Ashes to Ashes

Editor Fiona George, Music, January 13th, 2016

"...the request sheet is full of David Bowie."

david bowie elegy memorial essay
Facebooktwittergoogle_plusredditpinterestlinkedinmailFacebooktwittergoogle_plusredditpinterestlinkedinmail

 

“Is David Bowie dead?”

It’s not something I have to think about. It’s a truth taken for granted. He just put a new album out. A masterpiece of a ten minute single. He’d only begun using jazz influences in his work.

“No.” What an absurd question.

“It’s just, that group of people is talking about it.” My best friend, she points to the group circled around the fire pit.

Everyone’s wearing black, like a funeral. But it’s not a funeral, it’s goth night.

I pull out my tablet and google faster than I ever have. Article after article, Bowie dead at 69. Articles from a half hour ago, forty-five minutes ago, an hour ago. An 18 month battle with cancer. I didn’t even know.

 +

Inside the club, it’s a slow night. More people outside around the fire pit than on the dance floor. Inside my chest, I’m too aware of my heart—its beat, its tight dark ache. I can’t help but feel like the world is a little less mine, belongs a little less to the freaks.

The dark, green and red laser lights hit the ceiling, break through the fog coming off the stage in front of the DJ. A blank request sheet at the edge of the stage.

I write BOWIE in all caps, some of my favorite tracks. “I’m Afraid of Americans,” “Rock n’ Roll Suicide,” I’m the first, but not the last.

The DJ is one of those goth DJs who plays a bunch of modern industrial and won’t throw on some Sisters of Mercy, no matter how many songs you request. My dance is half-assed. Nothing but a little sway. I want to hear Bowie, goddamn it.

+

Crying and curled up on my twin mattress, I wanted to kill myself. This is one of many times. I hadn’t made any cuts on my skin yet, but I wanted to. I turned to music. To Bowie.

“Rock n’ Roll Suicide” to keep myself from wanting to commit suicide. Oh no, love, you’re not alone. At the height of the song, those words, his voice. He was out there, and I wasn’t alone, his music could hold me.

 +

Within minutes, the request sheet is full of David Bowie. Everyone has their favorite song. RIP written all over. Another DJ is taking over.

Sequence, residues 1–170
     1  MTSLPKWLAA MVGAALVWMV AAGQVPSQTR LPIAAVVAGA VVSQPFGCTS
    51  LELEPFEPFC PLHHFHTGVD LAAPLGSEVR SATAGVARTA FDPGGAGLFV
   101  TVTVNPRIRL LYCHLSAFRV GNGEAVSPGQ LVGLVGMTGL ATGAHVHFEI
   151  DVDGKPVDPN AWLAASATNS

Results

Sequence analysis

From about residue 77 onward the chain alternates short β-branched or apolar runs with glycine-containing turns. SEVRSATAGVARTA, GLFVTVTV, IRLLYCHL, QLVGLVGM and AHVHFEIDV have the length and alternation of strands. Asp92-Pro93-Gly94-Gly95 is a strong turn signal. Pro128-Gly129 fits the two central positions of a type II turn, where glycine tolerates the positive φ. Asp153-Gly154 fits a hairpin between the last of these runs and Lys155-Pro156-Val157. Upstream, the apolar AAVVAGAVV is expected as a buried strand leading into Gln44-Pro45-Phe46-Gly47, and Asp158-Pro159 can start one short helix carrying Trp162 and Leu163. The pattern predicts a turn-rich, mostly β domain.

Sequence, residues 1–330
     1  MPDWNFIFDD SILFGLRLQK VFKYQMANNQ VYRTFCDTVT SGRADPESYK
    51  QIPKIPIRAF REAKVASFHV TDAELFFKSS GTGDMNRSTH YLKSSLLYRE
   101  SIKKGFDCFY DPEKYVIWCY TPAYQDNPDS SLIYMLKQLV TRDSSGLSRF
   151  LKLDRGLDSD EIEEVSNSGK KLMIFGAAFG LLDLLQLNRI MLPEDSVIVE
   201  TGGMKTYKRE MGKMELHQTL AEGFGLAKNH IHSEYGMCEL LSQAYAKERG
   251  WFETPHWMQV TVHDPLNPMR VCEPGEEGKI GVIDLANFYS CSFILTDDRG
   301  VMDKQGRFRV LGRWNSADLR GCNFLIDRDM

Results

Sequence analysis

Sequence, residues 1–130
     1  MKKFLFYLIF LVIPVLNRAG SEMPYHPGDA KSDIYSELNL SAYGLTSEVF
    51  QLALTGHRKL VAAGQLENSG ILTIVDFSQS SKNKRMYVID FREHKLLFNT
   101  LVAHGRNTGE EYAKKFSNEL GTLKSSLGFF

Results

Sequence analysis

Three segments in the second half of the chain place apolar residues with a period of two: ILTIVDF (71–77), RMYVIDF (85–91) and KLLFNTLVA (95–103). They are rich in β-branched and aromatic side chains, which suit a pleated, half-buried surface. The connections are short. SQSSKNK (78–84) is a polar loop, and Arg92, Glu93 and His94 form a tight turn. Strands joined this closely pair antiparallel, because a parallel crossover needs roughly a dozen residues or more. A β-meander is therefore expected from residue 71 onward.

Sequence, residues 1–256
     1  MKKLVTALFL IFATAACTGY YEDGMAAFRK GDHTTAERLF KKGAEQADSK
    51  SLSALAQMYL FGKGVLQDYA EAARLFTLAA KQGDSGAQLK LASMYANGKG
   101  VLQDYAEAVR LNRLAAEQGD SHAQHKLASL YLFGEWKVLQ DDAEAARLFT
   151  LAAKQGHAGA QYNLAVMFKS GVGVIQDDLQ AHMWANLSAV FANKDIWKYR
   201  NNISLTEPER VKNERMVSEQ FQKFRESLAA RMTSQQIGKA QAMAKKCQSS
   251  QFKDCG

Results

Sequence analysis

I feel hollow. Something I’ve always known to be true, will never be true again. Someone who I look to for hope, gone.

At the end of some modern goth song I’m not into, the place goes silent. The DJ, backlit behind a table full of equipment—computers and shit, no one’s used turn tables in this city since before my time—her silhouette a corset and long dark hair.

“We just got the news that David Bowie died,”she says.

“This one is for him,” she says.

“Heroes,” it’s perfect. It’s on everyone’s favorites list, it has the power to transcend, make us more than we are. More than a handful of freaks in all black, spending our Sunday in the dark hollow of a dance club, the smell of man-made fog seeping into our clothes.

My face to the ceiling, green lasers dancing up there in the dark. My feet underneath me, spinning me in dreamy circles. My whole torso bends back and forth to the music. My hands hold each other on my chest, the hollow inside me fills.

 +

The first time I heard “Heroes,” I was in a car on the windy road up to the hot springs near my city. In the car, were four other people I hardly know anymore, people who I’m barely on speaking terms with anymore.

Car sickness hit me hard on that trip. Soon as we got to a rest stop, I pulled out the tiny broken pipe I had at the time, smoked a bowl and felt my stomach begin to settle.

Back in the car, I laid across the back seat, still a little nauseous. It was a grey night sky of overcast clouds, the tops of the evergreens through the window cut silhouettes.

Someones iPod plugged in, and a song I never heard. “Heroes.” Music winding like the road, the ever-familiar voice of Bowie—a promise.

We could be heroes.

 +

After “Heroes,” she plays “Ashes to Ashes.” It fits so much it hurts. The previously abandoned dance floor is full. Some people, I think they knew. One guy, he’s dressed like David Bowie in Labyrinth. Another couple guys, they’re dressed like Bowie. Not from a costume or movie or album cover I can place, just similar to him.

Or maybe they were just celebrating his birthday. He just had a birthday.

+

David Bowie was from another world. Whether you take that literally or figuratively is up to you. Either way, one thing I know, is that he knew his time was coming. If you watch his last video—the ten minute title track of his new album, Blackstar—it is nothing if not a goodbye.

You can see it in the skeletal remains of Major Tom.

You can hear it in the lyrics.

 +

Something happened on the day he died

Spirit rose a metre and stepped aside

Somebody else took his place, and bravely cried

 + + +

Facebooktwittergoogle_plusredditpinterestlinkedinmailFacebooktwittergoogle_plusredditpinterestlinkedinmail

Fiona George

Fiona George was born and raised in Portland, OR, where she's been lucky to have the chance to work with authors like Tom Spanbauer and Lidia Yuknavitch. She writes a monthly column "In This Body" for NAILED Magazine, and has also been published on The Manifest-Station, and in Witchcraft Magazine.